Hard to say exactly; there aren't any gas-fired CCS projects I'm aware of. But we can do some "rule of thumb" guesstimates.
Probably the best approach is to look at an IGCC (a coal gasification based generation technology) CCS plant. Probably the furthest advanced example is the Kemper County plant in the US.
An IGCC plant is basically made of three components: a coal gasification unit (which makes the coal into CH4), a gas reformer (which converts the CH4 into separate streams of H2 and CO2) and a CCGT gas turbine optimised to burn hydrogen. The H2 from the reformer goes to the turbine, the CO2 to sequestration.
Were you to use gas, obviously the gasification stage would be redundant. The reforming stage would still be required.
Kemper's costing about $5.5Bn for a 580MW plant which can capture about 65% of the carbon content of the coal. In the US a CCGT unit without CCS would typically come in at about $800-1Bn/GW.
So, crudely scaling Kemper to 1GW gives us $9.5Bn/GW, of which something like $1.2bn will be for the adapted CCGT.
That gives us $8.3Bn for the "balance of plant". If we crudely assume that's split half and half between the reformer and the gasifier, and that as this is "FOAK" (First Of A Kind) plant that costs double what a series build unit would cost. we get about $2.1Bn for a series built reformer capable of supplying a 1GW unit.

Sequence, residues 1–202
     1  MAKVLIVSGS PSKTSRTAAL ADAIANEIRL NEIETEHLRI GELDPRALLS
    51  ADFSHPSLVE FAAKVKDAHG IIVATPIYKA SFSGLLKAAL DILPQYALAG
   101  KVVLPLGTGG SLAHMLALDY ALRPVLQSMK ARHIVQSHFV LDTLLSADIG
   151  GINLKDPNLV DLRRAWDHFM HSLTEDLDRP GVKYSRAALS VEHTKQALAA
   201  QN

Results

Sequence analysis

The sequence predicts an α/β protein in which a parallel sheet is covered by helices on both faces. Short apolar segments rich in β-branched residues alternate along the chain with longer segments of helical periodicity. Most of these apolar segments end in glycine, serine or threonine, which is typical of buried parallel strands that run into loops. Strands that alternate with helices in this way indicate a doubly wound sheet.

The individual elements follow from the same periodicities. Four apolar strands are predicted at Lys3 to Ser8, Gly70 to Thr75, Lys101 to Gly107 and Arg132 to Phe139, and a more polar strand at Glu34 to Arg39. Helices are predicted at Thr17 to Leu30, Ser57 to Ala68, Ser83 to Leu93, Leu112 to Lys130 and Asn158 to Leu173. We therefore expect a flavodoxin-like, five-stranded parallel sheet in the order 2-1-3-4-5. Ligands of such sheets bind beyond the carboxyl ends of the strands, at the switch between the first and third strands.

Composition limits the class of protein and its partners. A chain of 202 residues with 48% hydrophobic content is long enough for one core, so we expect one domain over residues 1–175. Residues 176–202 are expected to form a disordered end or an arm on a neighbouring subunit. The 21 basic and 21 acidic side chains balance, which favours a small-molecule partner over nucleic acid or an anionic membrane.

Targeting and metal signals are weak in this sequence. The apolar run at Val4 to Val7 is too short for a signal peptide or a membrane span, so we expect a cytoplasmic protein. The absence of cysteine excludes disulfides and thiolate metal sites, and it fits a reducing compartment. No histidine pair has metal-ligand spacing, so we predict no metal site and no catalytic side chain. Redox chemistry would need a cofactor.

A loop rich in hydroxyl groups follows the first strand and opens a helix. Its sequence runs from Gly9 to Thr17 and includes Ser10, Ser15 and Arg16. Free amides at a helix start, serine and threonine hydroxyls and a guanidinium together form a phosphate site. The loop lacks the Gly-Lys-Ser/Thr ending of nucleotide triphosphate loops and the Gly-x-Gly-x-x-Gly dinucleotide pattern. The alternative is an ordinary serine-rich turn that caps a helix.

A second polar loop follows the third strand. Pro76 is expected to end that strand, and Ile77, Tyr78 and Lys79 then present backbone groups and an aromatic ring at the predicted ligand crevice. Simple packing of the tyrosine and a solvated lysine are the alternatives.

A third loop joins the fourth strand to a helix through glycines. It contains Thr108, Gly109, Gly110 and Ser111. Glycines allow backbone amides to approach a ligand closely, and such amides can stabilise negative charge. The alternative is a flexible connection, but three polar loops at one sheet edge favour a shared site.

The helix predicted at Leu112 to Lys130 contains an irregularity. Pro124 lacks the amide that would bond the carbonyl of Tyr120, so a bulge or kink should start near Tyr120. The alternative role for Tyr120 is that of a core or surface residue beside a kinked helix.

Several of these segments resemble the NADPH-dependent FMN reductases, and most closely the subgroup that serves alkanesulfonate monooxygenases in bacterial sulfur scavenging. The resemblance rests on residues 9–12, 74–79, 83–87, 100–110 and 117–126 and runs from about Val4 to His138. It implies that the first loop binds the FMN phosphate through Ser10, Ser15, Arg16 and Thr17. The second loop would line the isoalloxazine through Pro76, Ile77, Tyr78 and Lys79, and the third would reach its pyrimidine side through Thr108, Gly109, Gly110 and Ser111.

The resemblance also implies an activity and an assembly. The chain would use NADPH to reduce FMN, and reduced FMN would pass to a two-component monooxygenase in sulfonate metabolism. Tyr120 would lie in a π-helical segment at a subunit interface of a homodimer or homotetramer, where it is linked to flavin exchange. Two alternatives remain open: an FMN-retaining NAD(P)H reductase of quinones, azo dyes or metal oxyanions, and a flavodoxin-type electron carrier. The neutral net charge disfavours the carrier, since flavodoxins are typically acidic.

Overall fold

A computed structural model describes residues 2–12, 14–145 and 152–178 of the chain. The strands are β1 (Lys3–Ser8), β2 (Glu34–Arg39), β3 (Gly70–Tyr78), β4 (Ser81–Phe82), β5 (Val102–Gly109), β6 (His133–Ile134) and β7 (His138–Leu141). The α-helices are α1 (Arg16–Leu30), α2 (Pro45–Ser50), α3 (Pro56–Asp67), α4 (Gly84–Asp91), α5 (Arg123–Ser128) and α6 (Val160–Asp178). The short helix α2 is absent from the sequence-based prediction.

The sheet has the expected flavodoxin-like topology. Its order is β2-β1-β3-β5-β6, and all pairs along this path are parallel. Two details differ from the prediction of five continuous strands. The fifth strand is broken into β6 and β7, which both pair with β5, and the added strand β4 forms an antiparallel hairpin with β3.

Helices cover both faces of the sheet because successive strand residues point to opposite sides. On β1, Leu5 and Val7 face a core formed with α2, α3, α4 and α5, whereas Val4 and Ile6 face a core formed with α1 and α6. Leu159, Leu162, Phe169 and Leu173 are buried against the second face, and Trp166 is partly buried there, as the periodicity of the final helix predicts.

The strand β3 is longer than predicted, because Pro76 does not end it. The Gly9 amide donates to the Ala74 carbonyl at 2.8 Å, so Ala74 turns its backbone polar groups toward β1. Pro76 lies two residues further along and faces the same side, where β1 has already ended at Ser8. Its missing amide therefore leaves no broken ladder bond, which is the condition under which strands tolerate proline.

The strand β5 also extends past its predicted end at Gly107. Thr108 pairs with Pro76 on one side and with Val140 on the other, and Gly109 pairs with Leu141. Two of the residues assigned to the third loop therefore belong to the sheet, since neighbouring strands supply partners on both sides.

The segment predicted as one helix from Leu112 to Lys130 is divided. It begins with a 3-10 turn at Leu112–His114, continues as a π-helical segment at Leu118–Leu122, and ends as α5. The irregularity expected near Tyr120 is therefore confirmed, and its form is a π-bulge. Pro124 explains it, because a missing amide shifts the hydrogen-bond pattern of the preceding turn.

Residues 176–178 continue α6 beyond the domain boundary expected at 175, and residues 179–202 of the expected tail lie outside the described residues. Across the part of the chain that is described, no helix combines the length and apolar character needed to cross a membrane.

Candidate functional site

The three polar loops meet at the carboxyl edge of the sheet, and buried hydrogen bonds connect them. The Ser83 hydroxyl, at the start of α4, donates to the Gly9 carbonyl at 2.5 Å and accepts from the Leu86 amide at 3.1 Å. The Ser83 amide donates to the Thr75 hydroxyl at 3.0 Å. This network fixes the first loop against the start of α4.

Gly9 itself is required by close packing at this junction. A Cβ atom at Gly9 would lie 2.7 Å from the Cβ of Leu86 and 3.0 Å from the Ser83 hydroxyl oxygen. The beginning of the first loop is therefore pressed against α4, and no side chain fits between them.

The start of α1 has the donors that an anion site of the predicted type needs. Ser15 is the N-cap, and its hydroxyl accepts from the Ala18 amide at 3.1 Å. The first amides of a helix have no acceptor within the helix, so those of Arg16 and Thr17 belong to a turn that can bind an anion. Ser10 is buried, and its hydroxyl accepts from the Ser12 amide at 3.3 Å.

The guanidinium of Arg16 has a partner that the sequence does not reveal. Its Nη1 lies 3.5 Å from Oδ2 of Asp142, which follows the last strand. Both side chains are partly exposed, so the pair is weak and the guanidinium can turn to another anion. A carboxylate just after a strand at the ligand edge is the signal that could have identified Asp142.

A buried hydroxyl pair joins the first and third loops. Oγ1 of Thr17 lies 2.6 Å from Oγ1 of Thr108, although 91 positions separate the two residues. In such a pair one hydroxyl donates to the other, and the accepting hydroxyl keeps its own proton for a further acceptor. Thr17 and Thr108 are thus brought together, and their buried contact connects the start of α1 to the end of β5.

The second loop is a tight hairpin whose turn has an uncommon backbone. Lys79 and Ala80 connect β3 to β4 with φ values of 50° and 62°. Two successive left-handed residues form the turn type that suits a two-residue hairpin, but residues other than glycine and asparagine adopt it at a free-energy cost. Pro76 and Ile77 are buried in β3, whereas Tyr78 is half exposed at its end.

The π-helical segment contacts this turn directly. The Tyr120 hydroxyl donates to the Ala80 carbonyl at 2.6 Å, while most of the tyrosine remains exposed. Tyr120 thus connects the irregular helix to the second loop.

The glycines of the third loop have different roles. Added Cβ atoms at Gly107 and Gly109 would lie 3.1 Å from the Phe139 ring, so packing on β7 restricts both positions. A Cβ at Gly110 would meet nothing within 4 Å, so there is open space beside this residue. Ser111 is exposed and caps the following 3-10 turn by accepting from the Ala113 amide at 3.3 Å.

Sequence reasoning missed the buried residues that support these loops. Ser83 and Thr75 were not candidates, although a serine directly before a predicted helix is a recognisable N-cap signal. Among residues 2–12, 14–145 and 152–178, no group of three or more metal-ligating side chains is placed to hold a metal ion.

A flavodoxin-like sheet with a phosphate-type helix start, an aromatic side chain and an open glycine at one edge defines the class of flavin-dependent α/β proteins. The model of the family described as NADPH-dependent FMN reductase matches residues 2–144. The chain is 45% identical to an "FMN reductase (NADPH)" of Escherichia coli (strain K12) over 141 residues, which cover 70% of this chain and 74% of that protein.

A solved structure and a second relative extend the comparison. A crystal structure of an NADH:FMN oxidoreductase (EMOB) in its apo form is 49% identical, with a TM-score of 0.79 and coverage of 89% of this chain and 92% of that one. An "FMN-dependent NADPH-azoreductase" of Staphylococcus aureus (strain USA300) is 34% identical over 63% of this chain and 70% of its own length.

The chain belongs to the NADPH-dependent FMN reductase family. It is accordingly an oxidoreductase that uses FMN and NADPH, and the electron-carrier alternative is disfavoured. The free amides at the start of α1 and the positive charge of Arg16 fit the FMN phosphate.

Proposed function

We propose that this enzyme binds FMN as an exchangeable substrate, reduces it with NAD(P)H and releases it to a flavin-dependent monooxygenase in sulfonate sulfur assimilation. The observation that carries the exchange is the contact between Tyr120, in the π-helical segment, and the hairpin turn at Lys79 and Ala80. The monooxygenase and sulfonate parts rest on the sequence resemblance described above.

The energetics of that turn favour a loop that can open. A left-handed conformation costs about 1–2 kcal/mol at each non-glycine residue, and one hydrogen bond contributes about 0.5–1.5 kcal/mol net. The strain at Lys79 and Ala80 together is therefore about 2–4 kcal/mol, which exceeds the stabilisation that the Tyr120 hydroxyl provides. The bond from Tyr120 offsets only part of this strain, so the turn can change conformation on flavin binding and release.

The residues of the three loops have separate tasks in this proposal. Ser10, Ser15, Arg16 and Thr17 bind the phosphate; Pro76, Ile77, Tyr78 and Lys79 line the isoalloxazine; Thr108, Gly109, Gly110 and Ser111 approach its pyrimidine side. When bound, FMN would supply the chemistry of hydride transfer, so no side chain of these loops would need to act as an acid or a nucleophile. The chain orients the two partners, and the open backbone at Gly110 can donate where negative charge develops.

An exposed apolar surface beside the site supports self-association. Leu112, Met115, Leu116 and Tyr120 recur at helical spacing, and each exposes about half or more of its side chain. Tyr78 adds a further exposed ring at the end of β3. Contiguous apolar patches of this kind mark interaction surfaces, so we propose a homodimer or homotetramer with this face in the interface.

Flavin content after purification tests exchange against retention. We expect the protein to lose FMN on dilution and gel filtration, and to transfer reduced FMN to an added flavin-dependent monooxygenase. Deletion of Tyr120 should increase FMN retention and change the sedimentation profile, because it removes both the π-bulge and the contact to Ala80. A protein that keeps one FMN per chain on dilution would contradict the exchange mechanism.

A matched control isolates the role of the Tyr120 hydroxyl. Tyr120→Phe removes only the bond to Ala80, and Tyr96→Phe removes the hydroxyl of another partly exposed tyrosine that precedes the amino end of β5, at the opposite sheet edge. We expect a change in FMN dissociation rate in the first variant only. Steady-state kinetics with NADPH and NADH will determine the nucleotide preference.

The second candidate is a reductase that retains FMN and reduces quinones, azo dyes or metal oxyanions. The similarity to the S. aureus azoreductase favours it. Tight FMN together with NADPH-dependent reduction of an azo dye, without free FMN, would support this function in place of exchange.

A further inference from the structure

That has the whole system coming in at about $3.1Bn - 3 to 3 1/2 times the cost of a standard CCGT. for a comparison, that's not dissimilar to the cost of an AP1000 PWR unit.
The system also absorbs some of the output of the plant - we'll assume about 20% for a gas fired CCS CCGT. That equates to a 25% increase in fuel usage.
The underlying cost of power from a CCGT is usually about 80% fuel and 20% fixed (operations, capital and finance). In the UK gas can currently produce at breakeven at about £60/MWh.
So, gas cost is about £48/MWh at the moment, and other costs about £12.
On the basis of the above, you'd expect gas costs per MWh of output to rise to about £60/MWh, and other costs to rise to about £42/MWh - giving a total of £102/MWh.
Which is somewhat more than the Hinkley C strike price, or that for new onshore wind. But it's predicated on a few key assumptions/omissions
1 - that the technology can be matured to a stage where series build cost reductions can be reached.
2 - that gas prices stay where they are.
3 - that there's no carbon cost - I'd expect a system like the above to outperform Kemper in terms of carbon capture, but not to approach 100% - I'd guess in the 80-90% range, giving CO2 output of 45-90g/KWh. It'd be a small contribution, though.
4 - I've not the faintest idea of the costs of the sequestration system - compression, piping and disposal in geological formations. I'd be staggered if it came in under £5/MWh, surprised at £10, though.
So, not easy to develop, and certainly not cheap!